New teachers should be prepared to relocate to find work and broaden their horizons, learning minister Alasdair Allan has warned.
Dr Allan said that the 2,000 teachers completing their induction year were entering a jobs market that had significantly improved over the past two years, but that they may need to move to secure a post.
"Every year, we hear from local authorities who are unable to fill some teaching posts," he told a celebratory gathering of probationers in Edinburgh, organised by the General Teaching Council for Scotland. "I would encourage you as far as possible to broaden your horizons when searching for a post."
Dr Allan told the new teachers - one for each of Scotland's 32 local authorities - that the jobs situation was "significantly better than when I last spoke at this event two years ago".
A recent GTCS survey, albeit based on only a 16 per cent response rate, suggested that 45 per cent of probationers had found full-time permanent work by March, compared with 25 per cent a year previously.
Dr Allan said that teacher unemployment was "significantly lower" than elsewhere in the UK, and added: "We have brought teacher supply and demand back into balance."
He also vowed to protect new teachers from the unnecessary extra work that many fear is beginning to blight Curriculum for Excellence.
The recent EIS survey of primary teachers had "highlighted some legitimate concerns about teacher workload", he explained, a situation that was "utterly unacceptable".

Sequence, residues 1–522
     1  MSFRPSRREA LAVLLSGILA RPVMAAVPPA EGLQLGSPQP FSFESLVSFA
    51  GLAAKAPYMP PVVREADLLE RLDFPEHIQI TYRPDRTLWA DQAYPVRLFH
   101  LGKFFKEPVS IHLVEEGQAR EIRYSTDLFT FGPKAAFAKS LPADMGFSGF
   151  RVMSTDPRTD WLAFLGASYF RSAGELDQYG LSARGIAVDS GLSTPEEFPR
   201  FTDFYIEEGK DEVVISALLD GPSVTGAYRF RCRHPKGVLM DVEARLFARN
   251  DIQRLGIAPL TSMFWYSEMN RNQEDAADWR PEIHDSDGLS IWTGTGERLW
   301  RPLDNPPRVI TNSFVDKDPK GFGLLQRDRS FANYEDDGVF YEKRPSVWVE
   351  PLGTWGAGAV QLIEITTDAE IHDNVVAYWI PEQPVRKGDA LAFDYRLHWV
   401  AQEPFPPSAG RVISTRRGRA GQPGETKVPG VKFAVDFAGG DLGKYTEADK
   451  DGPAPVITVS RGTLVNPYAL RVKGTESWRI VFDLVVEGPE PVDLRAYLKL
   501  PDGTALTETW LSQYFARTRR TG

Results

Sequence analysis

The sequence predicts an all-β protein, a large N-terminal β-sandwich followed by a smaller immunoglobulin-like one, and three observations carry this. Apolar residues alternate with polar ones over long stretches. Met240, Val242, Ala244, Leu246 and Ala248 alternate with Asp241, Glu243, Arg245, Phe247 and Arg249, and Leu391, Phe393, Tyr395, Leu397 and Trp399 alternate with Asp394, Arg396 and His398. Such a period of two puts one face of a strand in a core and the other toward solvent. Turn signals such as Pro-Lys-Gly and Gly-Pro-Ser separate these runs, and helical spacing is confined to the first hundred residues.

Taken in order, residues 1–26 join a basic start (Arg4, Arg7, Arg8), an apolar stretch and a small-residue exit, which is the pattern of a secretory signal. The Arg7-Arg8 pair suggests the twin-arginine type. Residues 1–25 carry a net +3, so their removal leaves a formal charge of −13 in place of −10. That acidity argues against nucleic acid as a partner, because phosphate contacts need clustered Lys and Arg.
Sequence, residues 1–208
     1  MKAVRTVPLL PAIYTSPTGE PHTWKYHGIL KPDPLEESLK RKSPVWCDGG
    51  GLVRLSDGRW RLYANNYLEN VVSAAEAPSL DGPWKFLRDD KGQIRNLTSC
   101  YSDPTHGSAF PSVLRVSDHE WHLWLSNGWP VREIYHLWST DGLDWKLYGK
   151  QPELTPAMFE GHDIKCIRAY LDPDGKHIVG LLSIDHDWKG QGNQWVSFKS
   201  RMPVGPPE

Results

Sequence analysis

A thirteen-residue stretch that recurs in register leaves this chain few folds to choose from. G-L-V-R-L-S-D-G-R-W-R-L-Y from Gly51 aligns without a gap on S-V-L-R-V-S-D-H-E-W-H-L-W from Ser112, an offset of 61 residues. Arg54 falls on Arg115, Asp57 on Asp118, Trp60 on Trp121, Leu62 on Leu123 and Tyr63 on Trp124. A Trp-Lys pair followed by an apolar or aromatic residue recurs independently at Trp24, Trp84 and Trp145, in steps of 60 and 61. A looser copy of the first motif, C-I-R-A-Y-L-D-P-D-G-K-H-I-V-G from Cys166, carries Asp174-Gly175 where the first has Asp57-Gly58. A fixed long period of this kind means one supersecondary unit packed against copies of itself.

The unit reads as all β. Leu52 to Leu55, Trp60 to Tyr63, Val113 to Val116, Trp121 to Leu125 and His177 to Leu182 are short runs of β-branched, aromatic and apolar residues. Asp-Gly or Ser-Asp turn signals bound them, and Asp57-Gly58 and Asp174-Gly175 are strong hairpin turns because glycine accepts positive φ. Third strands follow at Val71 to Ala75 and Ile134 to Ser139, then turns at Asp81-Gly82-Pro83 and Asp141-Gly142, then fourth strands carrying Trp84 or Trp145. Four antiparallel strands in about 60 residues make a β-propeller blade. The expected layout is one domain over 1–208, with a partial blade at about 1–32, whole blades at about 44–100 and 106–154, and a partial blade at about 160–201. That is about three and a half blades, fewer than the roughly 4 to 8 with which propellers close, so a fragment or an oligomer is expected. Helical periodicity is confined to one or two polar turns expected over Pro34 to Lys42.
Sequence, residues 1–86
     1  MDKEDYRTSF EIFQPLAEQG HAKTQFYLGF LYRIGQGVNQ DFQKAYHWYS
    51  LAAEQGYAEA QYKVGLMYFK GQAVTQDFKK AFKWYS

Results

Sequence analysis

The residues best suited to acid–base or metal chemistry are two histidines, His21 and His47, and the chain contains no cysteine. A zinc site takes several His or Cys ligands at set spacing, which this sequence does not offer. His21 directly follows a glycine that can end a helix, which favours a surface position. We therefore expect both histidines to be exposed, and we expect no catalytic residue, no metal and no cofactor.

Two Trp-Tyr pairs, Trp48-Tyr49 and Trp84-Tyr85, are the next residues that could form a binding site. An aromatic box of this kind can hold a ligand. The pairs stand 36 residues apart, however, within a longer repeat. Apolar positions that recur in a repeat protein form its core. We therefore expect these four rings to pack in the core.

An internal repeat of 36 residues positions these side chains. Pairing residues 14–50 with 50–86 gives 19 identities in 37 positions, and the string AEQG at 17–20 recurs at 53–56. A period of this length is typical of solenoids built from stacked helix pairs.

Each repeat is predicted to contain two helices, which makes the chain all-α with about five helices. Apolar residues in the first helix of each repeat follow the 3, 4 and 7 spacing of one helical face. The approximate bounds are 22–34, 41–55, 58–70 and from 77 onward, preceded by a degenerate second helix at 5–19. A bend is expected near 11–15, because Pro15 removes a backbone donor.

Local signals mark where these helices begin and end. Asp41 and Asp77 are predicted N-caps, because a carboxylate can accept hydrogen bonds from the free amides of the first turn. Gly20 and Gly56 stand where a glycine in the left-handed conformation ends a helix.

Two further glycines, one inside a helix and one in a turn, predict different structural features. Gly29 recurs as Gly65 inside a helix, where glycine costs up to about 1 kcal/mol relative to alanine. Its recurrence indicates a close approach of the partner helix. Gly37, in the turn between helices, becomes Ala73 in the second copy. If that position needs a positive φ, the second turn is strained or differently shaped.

Dr Allan acknowledged a tendency "to surround Curriculum for Excellence with the smokescreen of bureaucracy and unnecessary paperwork", underlining that CfE should be "about freeing you up to do what you do best".
He also invoked another issue recently highlighted by the EIS, when he decried the "unacceptable links between deprivation and under-attainment", adding: "We need to tackle it now."
Gillian Hamilton, GTCS head of educational services, told the probationers that new professional standards would help to tackle such issues: "For the first time, our standards have values at the heart of them, and the first one is social justice."
But for now, she stressed, where children happened to live often had a greater bearing on their future than their schools did.
Rosa Murray, GTCS education adviser on professional learning, said: "You don't wait to be a leader for two or five years - you're a leader now. If you're not a leader in the classroom, then who is?"
GTCS chief executive Anthony Finn advised the teachers to see beyond a child's bad behaviour and look instead for the talents that it may obscure.
He recalled teaching a girl whose wild behaviour was inextricably linked to a "devastating" family history: her mother was dead, her father in prison.
But once teachers discovered she could sing beautifully, they gave her opportunities to do so in school - and she improved in all aspects of her education.
Photo credit: Alamy
Original headline: Want to work? Think about relocating, minister says